Lies no matter how big or small always crack the very foundation of trust, Anonymous.
Perhaps, you may want to read our free ebook A flying sandwich with your kids for a brief introduction to this trustworthy topic.
The liar is someone who cheats people, who intentionally deceives other people and creates confusion, who uses unsubstantiated half-truths, distortions of facts and data, and just plain false information, and who hides relevant information about the issue being discussed.
Sadly, the Western media has been reporting half-truths and barefaced lies like “the unprovoked attack on Ukraine”. They seem to forget that Russia sees its security threaten because the constant NATO’s expansion to the east, Russia’s sphere of influence (America has definitely a sphere of influence in most of Latin America, e.g., the Cuba’s missile crisis), Ukraine’s coup and consequently unwillingness to make the political concessions necessary for the Minsk Peace Deal’s implementation.
You can fool all the people some of the time and some of the people all the time, but you cannot fool all the people all the time.
How does it happen? A friend, your partner, an acquaintance or a colleague may gossip about the issued being lied about behind your back. You or someone else may accidentally reveal it with a inadvertent slip of the tongue that reveals a hidden truth. Your non-verbal communication may betray you even before you speak: eye contact avoidance, restlessness, nervousness, body tension, stiff movements, touching the nose or ear, placing objects between you and them, etc.
Moreover, time will provide many opportunities to bring out the truth. For example, a cheated woman may discover a recurring number on the phone bill; her husband may use another name to refer to someone or, even worse, to her; a family member, friend or acquaintance who have seen him with another woman walking, kissing or drinking a beer could become the smoking gun.
When someone fools you, do not get very angry. Keep your cool and show that you are interested in discussing this in a civilized and respectful manner. If you are angry with someone who is in control of herself or himself, s/he can easily win the fight. On the contrary, show confidence, maturity, and integrity, explain what you have observed assertively but respectfully, i.e., non-aggressively. Try to make her/him understand that this is wrong and wicked.
If the liar denies the facts and/or persists in that behavior, ignore him/her. Do you know why we have two ears? Lies and insults go through one ear and sure like hell, they should come out of the other.
I learned long ago never to wrestle with a pig. You get dirty, and besides, the pig likes it, George Bernard Shaw.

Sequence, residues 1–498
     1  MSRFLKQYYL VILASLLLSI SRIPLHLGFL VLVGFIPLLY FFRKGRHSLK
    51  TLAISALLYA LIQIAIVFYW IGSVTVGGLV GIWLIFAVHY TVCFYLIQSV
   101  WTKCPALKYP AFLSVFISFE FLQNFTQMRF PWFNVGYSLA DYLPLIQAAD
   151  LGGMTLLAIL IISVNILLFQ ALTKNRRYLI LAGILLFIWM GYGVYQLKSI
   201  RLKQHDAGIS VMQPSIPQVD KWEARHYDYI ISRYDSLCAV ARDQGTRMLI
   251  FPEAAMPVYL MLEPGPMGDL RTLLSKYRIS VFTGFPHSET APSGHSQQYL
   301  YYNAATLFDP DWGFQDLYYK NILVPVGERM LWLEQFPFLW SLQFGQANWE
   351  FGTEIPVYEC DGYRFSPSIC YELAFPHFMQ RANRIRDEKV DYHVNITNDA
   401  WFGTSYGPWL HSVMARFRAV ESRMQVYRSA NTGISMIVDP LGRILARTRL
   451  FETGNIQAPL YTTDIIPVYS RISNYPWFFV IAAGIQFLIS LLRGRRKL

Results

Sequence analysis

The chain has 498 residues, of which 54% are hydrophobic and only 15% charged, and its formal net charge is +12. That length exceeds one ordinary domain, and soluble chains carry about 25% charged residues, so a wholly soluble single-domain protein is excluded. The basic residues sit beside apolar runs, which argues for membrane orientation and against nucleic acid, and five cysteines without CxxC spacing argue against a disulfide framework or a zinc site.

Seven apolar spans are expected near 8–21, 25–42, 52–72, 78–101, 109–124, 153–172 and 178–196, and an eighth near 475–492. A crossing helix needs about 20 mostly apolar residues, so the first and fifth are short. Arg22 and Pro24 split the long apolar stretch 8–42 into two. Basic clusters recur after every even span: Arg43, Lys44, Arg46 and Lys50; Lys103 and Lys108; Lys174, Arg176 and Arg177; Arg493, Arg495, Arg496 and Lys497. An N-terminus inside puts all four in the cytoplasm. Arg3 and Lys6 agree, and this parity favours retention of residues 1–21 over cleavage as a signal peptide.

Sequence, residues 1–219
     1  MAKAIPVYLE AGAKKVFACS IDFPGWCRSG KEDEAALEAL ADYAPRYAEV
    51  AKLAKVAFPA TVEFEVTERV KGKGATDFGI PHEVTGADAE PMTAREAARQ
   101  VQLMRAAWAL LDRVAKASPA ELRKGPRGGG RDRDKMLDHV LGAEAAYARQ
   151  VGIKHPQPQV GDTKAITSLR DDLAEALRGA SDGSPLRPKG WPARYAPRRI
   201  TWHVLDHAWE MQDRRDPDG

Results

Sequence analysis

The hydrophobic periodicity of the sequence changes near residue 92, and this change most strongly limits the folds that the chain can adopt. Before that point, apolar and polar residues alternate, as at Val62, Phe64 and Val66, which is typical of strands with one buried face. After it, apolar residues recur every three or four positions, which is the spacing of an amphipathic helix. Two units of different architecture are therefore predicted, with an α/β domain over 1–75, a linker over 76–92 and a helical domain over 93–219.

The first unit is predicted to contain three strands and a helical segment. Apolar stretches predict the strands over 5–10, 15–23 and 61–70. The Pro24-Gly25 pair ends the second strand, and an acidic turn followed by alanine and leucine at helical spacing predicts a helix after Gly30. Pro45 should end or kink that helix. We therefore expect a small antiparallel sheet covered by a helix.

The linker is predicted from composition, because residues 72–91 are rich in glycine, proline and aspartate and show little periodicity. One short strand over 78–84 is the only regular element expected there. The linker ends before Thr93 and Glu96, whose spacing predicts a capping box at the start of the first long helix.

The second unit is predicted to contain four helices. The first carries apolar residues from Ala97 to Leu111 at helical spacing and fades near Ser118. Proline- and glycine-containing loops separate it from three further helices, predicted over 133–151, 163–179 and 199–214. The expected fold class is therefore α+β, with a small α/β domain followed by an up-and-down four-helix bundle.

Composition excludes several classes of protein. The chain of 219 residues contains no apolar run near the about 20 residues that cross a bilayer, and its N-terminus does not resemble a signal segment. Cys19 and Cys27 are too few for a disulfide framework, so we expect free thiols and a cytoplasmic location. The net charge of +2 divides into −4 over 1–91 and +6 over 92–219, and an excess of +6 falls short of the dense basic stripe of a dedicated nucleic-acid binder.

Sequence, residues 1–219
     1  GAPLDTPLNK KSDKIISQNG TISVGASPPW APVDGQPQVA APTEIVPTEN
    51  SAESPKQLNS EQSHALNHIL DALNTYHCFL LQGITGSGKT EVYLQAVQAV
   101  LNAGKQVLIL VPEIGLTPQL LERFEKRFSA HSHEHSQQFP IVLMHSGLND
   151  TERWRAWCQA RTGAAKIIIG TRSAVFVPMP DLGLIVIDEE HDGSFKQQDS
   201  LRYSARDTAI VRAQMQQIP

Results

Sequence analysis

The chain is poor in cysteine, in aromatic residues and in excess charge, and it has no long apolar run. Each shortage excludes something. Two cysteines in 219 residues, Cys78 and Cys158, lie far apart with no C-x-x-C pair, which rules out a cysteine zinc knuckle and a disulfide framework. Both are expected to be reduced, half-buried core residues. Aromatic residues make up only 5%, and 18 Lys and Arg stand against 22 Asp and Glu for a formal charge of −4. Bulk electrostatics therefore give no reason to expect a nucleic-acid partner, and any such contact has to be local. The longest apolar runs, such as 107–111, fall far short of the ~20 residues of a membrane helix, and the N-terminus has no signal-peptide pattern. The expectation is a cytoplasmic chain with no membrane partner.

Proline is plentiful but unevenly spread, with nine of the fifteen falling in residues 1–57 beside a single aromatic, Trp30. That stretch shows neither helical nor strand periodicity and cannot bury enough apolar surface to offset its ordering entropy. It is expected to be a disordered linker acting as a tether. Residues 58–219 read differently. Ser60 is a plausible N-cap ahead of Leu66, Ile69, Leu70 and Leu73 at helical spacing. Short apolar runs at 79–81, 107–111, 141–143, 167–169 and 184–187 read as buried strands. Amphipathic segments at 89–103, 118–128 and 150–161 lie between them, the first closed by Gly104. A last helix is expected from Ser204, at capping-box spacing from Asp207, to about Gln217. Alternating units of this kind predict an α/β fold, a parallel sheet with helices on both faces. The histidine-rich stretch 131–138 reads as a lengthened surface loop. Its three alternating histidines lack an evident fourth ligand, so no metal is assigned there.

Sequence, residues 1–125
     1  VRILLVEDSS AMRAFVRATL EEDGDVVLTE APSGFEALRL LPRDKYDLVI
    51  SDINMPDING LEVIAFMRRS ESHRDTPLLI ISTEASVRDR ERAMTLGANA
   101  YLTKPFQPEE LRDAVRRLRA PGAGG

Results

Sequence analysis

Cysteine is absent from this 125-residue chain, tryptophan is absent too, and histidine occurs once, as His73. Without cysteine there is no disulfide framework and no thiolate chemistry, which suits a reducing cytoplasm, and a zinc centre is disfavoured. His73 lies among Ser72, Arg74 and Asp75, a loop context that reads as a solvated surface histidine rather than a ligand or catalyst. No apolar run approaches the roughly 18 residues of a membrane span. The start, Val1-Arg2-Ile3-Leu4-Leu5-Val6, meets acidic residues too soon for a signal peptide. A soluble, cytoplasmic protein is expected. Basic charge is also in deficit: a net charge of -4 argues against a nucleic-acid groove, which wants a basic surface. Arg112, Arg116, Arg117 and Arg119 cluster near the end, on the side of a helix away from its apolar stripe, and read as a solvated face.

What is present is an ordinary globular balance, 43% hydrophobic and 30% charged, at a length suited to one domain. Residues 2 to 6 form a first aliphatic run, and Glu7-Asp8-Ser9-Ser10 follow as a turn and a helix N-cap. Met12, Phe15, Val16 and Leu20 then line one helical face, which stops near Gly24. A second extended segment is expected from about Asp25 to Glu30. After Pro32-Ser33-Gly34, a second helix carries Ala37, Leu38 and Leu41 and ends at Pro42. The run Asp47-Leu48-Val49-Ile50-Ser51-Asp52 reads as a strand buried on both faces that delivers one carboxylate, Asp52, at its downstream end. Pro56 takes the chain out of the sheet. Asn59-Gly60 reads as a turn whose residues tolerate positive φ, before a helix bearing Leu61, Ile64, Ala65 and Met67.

The truth will eventually come out sooner or later and your reputation and authority will be damaged.
Lying hurts you more than anyone else, nothing good comes out from it and people will hesitate to trust you again.
I’m not upset that you lied to me, I’m upset that from now on I can’t believe you, Friedrich Nietzsche.
Lying to a police officer, a doctor, or a judge, can get you into a lot of trouble.
A lie is like a snowball; the longer it goes on, the bigger it gets, Martin Luther King.
The liar sees with dismay and sadness how his lies leads to more and bigger lies, they often get tangled up in an increasingly erratic, confusing, and chaotic communication from which is impossible, as time goes by, to escape and conceal the truth.
Keep your word and demonstrate personal integrity. On the contrary, no one will believe you when you really need them to, like in the fairy tale “The boy who cried wolf!” The boy tricked some villagers into thinking that a wolf was attacking his flock of sheep and made fun of them at their expense. However, when the wolf finally came, no one believed the boy when he cried out, and the wolf ate his flock and in some fairy tale’s versions the boy himself.
Lies are harmful, wicked, and toxic. They can destroy relationships. They hurt those we love and care about the most.
In short, always tell the truth no matter what, so everyone will see that you are honest and trust-worthy. Thus, if any conflict arises, people will be more likely to support you, they will believe your side of the story. This does not mean that you have to say everything you think or know, talk only about what is necessary, appropriate, convenient, relevant, and helpful. Remember that it is better to be king of your silence than slave of your words.